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Tuesday, July 1, 2003 7:32 AM
If they still arent running 2 trains on the Phantom, thats just plain stupid, that I'll admit. I mean, they spent money to get those breakes installed, why not use them? Anyways, one factor that probably contributes to the whole ''bad ride op'' deal could be Kennywood's location. Its not exactly in happytown, USA. In fact, some of the surrounding area's are basically the ghetto, IMO. Its a unique place for an Amusement park to be sure, but not the best. I remember in 2001, that main bridge that you cross right beofre turning onto kennywood blvd., was closed the day I went(somebody jumped off it), so we had to take a crazy Detour, that with us not knowing where we were going(we've always used that bridge). It took an hour, and some of the areas we went through were not the best. No offense to anyone who lives in West mifflin or the surrounding ares. Just thought I'd point this out.

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Kennywood Park, America's finest traditional amusement park.
Track Record: 60 coasters at 17 parks.

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Thursday, July 3, 2003 2:14 PM

Anonymous16 said:
I wear my pants pass my ass, and I'm not a gang member. Some of us like to wear it like that because it's comfortable, not because it's the style.

Then perhaps you should try buying pants that fit!

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Tuesday, February 24, 2004 1:35 AM
HI! I just read over this entire thread. Took me nearly a half an hour to read. I have a few statements to make. I work at Kennywood. This comming year will be my 5th year there. The statement saying that kids are working to make a quick buck or pocket money is not entirely true. I know for a fact that many of those workers are there to pay for college education or means of transportation (even if just bus fair) and some to support their families.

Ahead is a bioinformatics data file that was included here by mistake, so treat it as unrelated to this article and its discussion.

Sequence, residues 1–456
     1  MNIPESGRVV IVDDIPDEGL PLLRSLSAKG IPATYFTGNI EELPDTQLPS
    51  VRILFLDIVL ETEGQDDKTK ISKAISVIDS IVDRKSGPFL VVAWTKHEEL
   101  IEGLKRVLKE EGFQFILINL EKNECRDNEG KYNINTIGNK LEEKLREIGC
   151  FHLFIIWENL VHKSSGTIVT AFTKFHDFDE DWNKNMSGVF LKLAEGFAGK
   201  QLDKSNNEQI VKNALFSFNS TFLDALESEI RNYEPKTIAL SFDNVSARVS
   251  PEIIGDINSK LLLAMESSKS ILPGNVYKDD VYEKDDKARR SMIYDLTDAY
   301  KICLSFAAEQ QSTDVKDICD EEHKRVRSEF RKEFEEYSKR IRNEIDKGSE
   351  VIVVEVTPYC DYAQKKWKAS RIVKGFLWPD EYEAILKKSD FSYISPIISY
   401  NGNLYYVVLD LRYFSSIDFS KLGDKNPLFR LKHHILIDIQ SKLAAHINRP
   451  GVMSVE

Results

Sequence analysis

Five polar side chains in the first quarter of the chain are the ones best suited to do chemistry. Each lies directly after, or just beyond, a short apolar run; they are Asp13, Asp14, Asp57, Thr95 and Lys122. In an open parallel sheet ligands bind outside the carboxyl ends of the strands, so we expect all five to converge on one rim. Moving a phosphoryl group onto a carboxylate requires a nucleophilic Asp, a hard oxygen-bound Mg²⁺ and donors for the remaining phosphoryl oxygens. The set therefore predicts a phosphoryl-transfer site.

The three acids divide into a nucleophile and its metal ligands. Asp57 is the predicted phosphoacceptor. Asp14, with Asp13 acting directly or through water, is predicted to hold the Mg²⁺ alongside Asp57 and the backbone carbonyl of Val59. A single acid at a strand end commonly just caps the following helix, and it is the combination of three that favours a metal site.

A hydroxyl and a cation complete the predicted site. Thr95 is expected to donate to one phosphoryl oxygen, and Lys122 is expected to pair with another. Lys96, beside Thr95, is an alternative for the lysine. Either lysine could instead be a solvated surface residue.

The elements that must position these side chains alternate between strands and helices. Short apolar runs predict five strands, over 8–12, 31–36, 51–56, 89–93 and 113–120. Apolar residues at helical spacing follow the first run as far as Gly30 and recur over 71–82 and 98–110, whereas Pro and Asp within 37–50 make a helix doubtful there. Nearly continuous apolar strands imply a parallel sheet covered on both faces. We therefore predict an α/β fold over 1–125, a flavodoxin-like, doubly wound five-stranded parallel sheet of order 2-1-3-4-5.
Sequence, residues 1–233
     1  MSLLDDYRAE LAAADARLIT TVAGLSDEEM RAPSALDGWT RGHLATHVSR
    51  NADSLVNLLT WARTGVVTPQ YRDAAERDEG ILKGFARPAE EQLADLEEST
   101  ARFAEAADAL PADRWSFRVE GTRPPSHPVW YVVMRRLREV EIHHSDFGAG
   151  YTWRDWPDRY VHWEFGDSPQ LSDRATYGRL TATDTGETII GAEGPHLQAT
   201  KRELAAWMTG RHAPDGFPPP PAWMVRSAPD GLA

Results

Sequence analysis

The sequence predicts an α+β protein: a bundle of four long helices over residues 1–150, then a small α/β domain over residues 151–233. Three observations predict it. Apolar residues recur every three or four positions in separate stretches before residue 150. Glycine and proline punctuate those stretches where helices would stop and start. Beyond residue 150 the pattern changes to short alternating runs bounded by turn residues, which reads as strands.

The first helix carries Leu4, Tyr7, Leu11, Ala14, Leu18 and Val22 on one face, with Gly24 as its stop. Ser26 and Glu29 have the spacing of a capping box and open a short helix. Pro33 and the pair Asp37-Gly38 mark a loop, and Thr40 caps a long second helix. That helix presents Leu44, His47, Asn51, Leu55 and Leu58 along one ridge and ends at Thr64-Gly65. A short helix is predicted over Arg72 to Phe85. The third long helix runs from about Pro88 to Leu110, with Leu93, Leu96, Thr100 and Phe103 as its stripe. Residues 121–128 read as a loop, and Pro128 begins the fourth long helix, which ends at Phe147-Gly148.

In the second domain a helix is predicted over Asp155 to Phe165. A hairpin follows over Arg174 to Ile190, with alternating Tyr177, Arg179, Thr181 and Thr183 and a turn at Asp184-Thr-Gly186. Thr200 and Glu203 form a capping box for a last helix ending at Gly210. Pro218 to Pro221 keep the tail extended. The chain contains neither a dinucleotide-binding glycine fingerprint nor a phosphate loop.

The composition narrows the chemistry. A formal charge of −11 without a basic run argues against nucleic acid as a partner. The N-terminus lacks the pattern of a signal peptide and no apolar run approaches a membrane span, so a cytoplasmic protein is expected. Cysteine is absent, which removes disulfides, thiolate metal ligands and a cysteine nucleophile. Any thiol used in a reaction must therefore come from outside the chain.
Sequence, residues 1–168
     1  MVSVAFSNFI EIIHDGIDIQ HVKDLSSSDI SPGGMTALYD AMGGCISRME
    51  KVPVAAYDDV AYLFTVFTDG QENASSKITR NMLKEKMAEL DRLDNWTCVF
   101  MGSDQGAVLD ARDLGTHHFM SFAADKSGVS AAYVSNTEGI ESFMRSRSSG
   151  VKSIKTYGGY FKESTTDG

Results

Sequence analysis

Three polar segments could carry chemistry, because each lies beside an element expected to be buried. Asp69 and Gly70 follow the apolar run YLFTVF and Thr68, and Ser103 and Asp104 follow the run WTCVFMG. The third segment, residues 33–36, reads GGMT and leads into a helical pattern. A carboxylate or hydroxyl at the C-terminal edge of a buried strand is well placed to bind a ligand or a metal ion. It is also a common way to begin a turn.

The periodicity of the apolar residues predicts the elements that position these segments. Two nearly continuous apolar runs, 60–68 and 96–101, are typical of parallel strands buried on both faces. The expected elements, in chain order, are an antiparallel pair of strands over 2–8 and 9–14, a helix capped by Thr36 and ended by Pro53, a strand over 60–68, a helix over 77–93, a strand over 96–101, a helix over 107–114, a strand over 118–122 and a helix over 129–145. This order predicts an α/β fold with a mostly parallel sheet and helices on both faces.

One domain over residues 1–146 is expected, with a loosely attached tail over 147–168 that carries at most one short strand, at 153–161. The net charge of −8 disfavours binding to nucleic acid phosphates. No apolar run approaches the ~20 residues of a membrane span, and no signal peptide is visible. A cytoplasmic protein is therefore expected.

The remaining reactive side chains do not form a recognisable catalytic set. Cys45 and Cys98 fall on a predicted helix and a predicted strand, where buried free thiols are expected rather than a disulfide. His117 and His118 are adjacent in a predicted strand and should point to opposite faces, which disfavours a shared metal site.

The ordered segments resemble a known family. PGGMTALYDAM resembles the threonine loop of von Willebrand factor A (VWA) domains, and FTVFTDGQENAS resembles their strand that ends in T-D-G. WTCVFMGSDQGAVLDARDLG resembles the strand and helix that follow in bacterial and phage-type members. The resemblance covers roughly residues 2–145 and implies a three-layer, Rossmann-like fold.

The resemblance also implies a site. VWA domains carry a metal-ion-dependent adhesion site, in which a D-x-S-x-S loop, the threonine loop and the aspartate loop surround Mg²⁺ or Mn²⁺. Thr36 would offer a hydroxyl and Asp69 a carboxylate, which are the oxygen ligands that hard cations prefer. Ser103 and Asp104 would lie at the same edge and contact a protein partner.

Also, I would have to disagree with beeman on the hours worked. Since he was a minor at that time of posting, I will not hold it against him; however, I have worked 4 13+ hour days in a row, had only 1 day off the week, and worked 12 days straight. My average paycheck consisted of my working over 120 hours in 2 weeks. To some, they may sound like a lot and to others not enough, but if you add in the traveling time to and from, time I had to share with extracurricular activities and other school things I was involved with, that doesn't leave much time for resting or being with your family.

The posts about the pants. No. They should not be hanging that low. It's the managers and Supervisors' job to watch for that. But you have about 1 supervisor for every 150 so workers. They aren't going to be able to catch them all. And when they do see it, they correct it.

If you want happy operators, don't come on an excessively slow or busy day. Don't come if it looks like it'll be closing soon but it won't, or when it's really hot. That's the sad truth. While wearing polyester uniforms, in the sun, on your feet, fighting guests, you try to show the bare minimum. Most workers believe "why be nice to the guest if they aren't nice to us." Just like you claimed operators as a group, I am as well with guest. We do get the occational ones we wish would ride over and over again. When you have to deal with parents that are mad because their child is to short to ride, or someone in line that can't wait until they are off the ride to smoke their cigarette, an adult that throws up on you or a child that pees on you, let me know if you can be at your highest level of happiness and enthusiasm. Thoughts may cross your mind that this doesn't happen every day, but sadly it does. Guest don't know how to read the signs and yet fight the workers for doing our jobs. With that kind of attitude from the general guest, why should the workers be happy all the time?

This may make you think I'm possibly one of those that was rude to you, but unless you were rude to me, I wasn't. I'm known for only being rude to those I have to fight with. Generally, I make everyone else have energy. With my outlook of loving my job and most of the people I worked with, the mere fact that I am able to have these such complaints against yours should show you proof enough. Not everyone is bad, not every park is perfect. And you get what you give. Some are downright rude to everyone, other co-workers try to get them fired. While others usually just have a bad day either caused by a guest or some other means.